htop command that analyzes how you spend your brain cycles on a given day. Would you be happy with what the report would look like? It’s shortsighted to be careless about the sources that set your cognitive agenda. You must be deliberate about your choices, and you must not outsource them to third parties that are optimizing for their own incentives.
We do not yet have a good signal curation device in our universe. There are structural reasons for this: we consume information through different protocols and user interfaces, programmatic access to these systems is curtailed, there is little interoperability and no direct access to the data infrastructure where the information is stored. The firms that offer these services have no incentive to give us sophisticated control over our information consumption. If Facebook and Twitter really tried to build good user-centric curation tools, their revenues would halve.
Over the past year I've put considerable effort into signal curation. I'm not satisfied with my current solution, but I've built up a series of tools and habits that at least made a dent in the problem. I've tried many different approaches; most failed. After much trial and error, here is what worked. This setup costs ~$1,200/year, though you can scale it up or down. It's some of the most useful services I buy, and would be one of the last expenses I'd cut if I had to.
Read twenty good books per year (~$300/year). Last time I wrote about how I read. Clusters of five books per topic, four clusters per year. Books have none of the problems with modern information-rich environment— you select the subjects, pick the sources, and descend to considerable depth. But they have an additional benefit. Because your time is fixed to 24 hours/day, spending more time on books means spending less time on low quality signals. A simple way to do less bad stuff is to do more good stuff. Books are the good stuff.
Read Twitter through Feedbin ($60/year) and Reeder ($15 fixed). Feedbin is an RSS aggregator, and Reeder is a lovely client for macOS and iOS. This is nothing new. But Feedbin has a killer feature: it lets you follow people on Twitter. For me Twitter is immensely useful because that's where the most knowledgeable people in the world post their insights. But because the product is optimized for engagement, these insights are drowning in addicting, low quality content. With Feedbin you can see tweets only from the people you want in chronological order, you can turn off retweets, and you can view it all in a client optimized for quality rather than engagement.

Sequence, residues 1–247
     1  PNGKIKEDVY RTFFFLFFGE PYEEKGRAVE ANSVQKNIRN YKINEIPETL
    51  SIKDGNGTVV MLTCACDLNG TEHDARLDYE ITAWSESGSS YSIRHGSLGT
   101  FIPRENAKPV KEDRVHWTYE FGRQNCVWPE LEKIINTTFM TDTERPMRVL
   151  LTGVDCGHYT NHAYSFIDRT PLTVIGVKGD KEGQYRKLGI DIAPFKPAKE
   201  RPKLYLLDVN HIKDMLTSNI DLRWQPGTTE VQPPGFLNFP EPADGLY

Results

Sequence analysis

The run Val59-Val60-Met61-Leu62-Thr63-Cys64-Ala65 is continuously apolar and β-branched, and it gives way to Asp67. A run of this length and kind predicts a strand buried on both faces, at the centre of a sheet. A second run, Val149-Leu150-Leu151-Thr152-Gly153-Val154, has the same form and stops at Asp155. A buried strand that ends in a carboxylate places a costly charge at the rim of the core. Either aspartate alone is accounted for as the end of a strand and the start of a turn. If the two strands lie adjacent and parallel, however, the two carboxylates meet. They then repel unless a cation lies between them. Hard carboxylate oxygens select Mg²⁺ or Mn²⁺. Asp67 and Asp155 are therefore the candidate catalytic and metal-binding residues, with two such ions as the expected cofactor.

Subscribe to niche communities (~$500/year). Communication with likeminded strangers is one of the best aspects of the internet. But ubiquity of social networks increased variance in signal quality, and political polarization led to a chilling effect in public commons. You can solve both problems by finding Patreon and Substack creators who've built good communities around interesting topics. This gets you access to people and ideas in a way that's resistant to quality variance and speech stifling. (Another benefit of Feedbin is that you can use it to read email newsletters through an RSS client— in my case, Reeder.)
Use Feedbin actions. Actions are like Gmail filters. If you pipe Twitter follows and email newsletters through Feedbin, you can use Feedbin’s search syntax to mute low quality signal from high quality sources. For example, you can set up an action to mute anything with “Donald Trump” in it, and never worry about it again.
Subscribe to Superhuman ($360/year). A large amount of information is still exchanged over email. Much of it is transactional now (marketing emails, interaction with bureaucracies, coordination), but not all. I don’t know what sorcery went into Superhuman, but it makes email a pleasure. Is your time worth $90/hour? Superhuman will definitely save you more than four hours a year and you’ll never have the feeling in the back of your mind that you’re falling behind on email. It is excellent for processing signals that you can’t completely filter out.
This isn't a complete solution, but it's a start. The meta advice is to avoid free sources information, companies that give away free clients, and large media organizations. They don't work for you. If you follow the path of least resistance, they will impoverish your life. The more time you spend thinking about this information, the less likely you are to achieve your goals.
TL;DR: Your sources of information have enormous influence on what you think, how deeply you think, and how you solve problems. Be deliberate about how you choose them. Avoid free sources information, companies that give away free clients, and large media organizations. Read twenty good books per year, read Twitter through Feedbin and Reeder, subscribe to niche communities, mute low quality signal from high quality sources, subscribe to Superhuman for email.